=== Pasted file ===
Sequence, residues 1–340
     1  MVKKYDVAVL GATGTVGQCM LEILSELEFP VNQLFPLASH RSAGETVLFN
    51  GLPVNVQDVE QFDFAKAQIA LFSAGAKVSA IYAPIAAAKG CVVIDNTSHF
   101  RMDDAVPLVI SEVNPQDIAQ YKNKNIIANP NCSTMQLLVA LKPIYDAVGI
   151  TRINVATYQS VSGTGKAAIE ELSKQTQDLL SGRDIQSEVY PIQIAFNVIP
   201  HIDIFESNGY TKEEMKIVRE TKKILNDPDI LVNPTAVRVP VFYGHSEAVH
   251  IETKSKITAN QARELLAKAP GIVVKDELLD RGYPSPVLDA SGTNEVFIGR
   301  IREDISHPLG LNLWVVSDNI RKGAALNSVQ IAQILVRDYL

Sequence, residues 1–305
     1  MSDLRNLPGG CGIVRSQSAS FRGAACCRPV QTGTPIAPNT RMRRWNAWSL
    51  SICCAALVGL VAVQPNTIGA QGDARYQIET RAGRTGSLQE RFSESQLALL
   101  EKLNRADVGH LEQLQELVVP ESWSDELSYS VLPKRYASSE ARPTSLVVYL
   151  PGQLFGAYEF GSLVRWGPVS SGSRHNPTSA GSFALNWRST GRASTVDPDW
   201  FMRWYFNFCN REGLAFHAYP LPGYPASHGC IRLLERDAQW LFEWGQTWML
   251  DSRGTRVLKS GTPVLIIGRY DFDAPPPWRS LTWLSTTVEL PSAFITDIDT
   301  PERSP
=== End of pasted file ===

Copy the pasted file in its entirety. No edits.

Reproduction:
Sequence, residues 1–340
     1  MVKKYDVAVL GATGTVGQCM LEILSELEFP VNQLFPLASH RSAGETVLFN
    51  GLPVNVQDVE QFDFAKAQIA LFSAGAKVSA IYAPIAAAKG CVVIDNTSHF
   101  RMDDAVPLVI SEVNPQDIAQ YKNKNIIANP NCSTMQLLVA LKPIYDAVGI
   151  TRINVATYQS VSGTGKAAIE ELSKQTQDLL SGRDIQSEVY PIQIAFNVIP
   201  HIDIFESNGY TKEEMKIVRE TKKILNDPDI LVNPTAVRVP VFYGHSEAVH
   251  IETKSKITAN QARELLAKAP GIVVKDELLD RGYPSPVLDA SGTNEVFIGR
   301  IREDISHPLG LNLWVVSDNI RKGAALNSVQ IAQILVRDYL

Sequence, residues 1–305
     1  MSDLRNLPGG CGIVRSQSAS FRGAACCRPV QTGTPIAPNT RMRRWNAWSL
    51  SICCAALVGL VAVQPNTIGA QGDARYQIET RAGRTGSLQE RFSESQLALL
   101  EKLNRADVGH LEQLQELVVP ESWSDELSYS VLPKRYASSE ARPTSLVVYL
   151  PGQLFGAYEF GSLVRWGPVS SGSRHNPTSA GSFALNWRST GRASTVDPDW
   201  FMRWYFNFCN REGLAFHAYP LPGYPASHGC IRLLERDAQW LFEWGQTWML
   251  DSRGTRVLKS GTPVLIIGRY DFDAPPPWRS LTWLSTTVEL PSAFITDIDT
   301  PERSP